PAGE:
Question 1: How did it happen?
Pavlo Gryb, 20-year old Ukrainian blogger and son of an ex-Ukrainian Border Service officer was abducted by the Russian Security Forces (FSB) in Belarus, on 24 August 2017. Then it was reported (in particular, in the Russian media) that Gryb was considered a supporter of Ukrainian far-right UNA-UNSO organization, banned in Russia. He was transported to Russia and charged with incitement to blowing up a Russian school based on his chatting with a female friend on Skype. Gryb claims he was having an online romance with the girl but says it turned out to be an officer from the Russian intelligence services who was messaging him on her behalf shortly before his trip. Russian investigators claimed that the boy was messaging the student and was trying to get her to plant an explosive device in her school. Gryb denies the charges.
Question 2: What do we know about the charges?
The teens have been online friends since January 2017. After six months of close communication, the young people decided to live together, and Russian girl Tatiana was going to get a passport for moving to Ukraine.
Then the girl told that she has been always considering herself a Ukrainian, and she discussed the Revolution of Dignity, the armed conflict in Donbas and the ideology of Ukrainian nationalism with Pavlo. At the same time, after the girl moved to Ukraine, young people allegedly intended to participate in Donbas war on the side of Ukraine.
“In March 2017, a young man offered her to move to Ukraine. But before that, Tanya had to finish school and pass the exams. For the rest of the summer, the teenagers were going to go to the Ukrainian camp for training self-defense fighters, which Pavlo has found. And after they planned to go to Donbas. ‘We wanted this together. And I relied on him on this matter. The idea was to start fighting for our views and then build a life somehow, create a family’... He continued sending Tanya links to some texts about the formation of the Ukrainian nation, about the events of the mid-twentieth century, about the internal policy of the Soviet Union and Germany of that period. The teenagers were seriously passionate about the figures of Stepan Bandera and Roman Shukhevych (Nazi collaborators – ed.)," Russian outlet wrote.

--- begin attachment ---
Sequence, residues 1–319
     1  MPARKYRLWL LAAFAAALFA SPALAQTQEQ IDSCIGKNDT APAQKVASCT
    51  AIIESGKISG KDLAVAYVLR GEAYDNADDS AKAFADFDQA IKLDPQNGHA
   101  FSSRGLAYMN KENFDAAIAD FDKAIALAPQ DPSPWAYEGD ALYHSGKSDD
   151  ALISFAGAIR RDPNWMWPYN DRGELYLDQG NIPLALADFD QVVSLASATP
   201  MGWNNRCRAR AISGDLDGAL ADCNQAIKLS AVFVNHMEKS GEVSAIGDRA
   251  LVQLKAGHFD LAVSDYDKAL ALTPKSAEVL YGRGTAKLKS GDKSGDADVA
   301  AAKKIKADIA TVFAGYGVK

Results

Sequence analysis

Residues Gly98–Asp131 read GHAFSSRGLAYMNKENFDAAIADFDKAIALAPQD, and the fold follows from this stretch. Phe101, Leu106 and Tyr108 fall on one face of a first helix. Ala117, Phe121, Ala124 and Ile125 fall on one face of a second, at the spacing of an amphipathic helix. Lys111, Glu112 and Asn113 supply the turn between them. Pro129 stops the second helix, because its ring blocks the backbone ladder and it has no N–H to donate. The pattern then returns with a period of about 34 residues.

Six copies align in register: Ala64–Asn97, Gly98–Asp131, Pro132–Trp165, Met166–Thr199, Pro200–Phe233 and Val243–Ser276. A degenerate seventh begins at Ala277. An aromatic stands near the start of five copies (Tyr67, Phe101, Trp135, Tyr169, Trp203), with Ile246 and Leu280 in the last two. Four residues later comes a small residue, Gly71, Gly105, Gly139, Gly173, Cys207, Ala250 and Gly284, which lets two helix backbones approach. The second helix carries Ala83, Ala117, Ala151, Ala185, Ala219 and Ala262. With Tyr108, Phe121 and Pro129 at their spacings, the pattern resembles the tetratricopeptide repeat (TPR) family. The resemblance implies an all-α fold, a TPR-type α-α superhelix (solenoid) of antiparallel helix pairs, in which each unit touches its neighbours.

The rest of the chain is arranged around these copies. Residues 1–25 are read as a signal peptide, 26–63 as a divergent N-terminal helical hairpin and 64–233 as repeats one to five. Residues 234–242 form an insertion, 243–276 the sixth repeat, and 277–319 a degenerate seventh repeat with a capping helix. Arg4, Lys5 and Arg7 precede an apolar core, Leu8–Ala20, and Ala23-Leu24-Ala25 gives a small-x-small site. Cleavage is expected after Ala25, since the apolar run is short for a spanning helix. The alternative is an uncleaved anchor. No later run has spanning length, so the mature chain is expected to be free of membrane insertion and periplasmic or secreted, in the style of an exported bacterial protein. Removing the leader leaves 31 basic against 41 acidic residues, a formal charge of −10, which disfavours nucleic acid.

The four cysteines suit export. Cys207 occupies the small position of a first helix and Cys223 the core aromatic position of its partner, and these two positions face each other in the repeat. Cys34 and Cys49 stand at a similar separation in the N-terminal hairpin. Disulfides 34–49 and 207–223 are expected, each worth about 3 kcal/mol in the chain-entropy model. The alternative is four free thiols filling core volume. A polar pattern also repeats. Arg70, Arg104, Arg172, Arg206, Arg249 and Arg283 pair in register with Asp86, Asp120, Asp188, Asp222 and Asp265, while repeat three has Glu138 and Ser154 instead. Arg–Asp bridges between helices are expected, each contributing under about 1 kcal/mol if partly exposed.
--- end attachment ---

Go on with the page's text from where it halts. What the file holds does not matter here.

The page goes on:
Then the FSB began to follow their correspondence. Tatiana was brought in for questioning, and they decided to act out her meeting with Pavlo in Belarus. The meeting turned out to be short. The teenagers talked about the plans and said goodbye (although initially, they planned to spend several days in the country, the girl’s mother opposed it). And then Pavlo was kidnapped. As it turned out, he was taken to Russia and taken to the Smolensk region.
Question 3: How was the trial going?
It was difficult, like almost any other trials connected with Ukrainian political prisoners in Russia.
Pavlo was repeatedly arrested. And the Russian side ignored the statements of the father and the Ukrainian ombudsman about serious health problems of the boy.
In particular, at the end of January, Pavlo’s father reported that his son probably had Alzheimer's symptoms, and Ukrainian ombudsman Lyudmyla Denisova later stated that Pavlo needed immediate heart surgery.
Question 4: Ukraine’s and the world reaction
"The European Union expects Mr. Gryb to be immediately released and granted access to the special medical treatment he needs. For so long as he remains in detention, Ukrainian doctors must be allowed to see him as required by a ruling from the European Court of Human Rights," the EU spokesperson stated.
The EU also emphasizes that Ukrainian doctors should be allowed to see the boy, as required by the decision of the European Court of Human Rights.
"The farce in the Gryb case continues. Today, he has been illegally extended arrest in the Russian Federation until April 2019. We express our protest to the Russian Federation and demand his release," Ukraine’s MFA said in one of its statements.
Question 5: What's next?
The fate of the boy remains unknown. He can appeal the verdict within ten days. Pavlo went on a hunger strike.
Ukraine has already offered to exchange him for seriously ill Russian mercenary Alexei Sedikov, but Russia refused.
His has already spoken about the fate of his son.
“I can state that this is a death sentence. Pavlo needs an urgent medical operation that would continue his life. This is a death sentence.”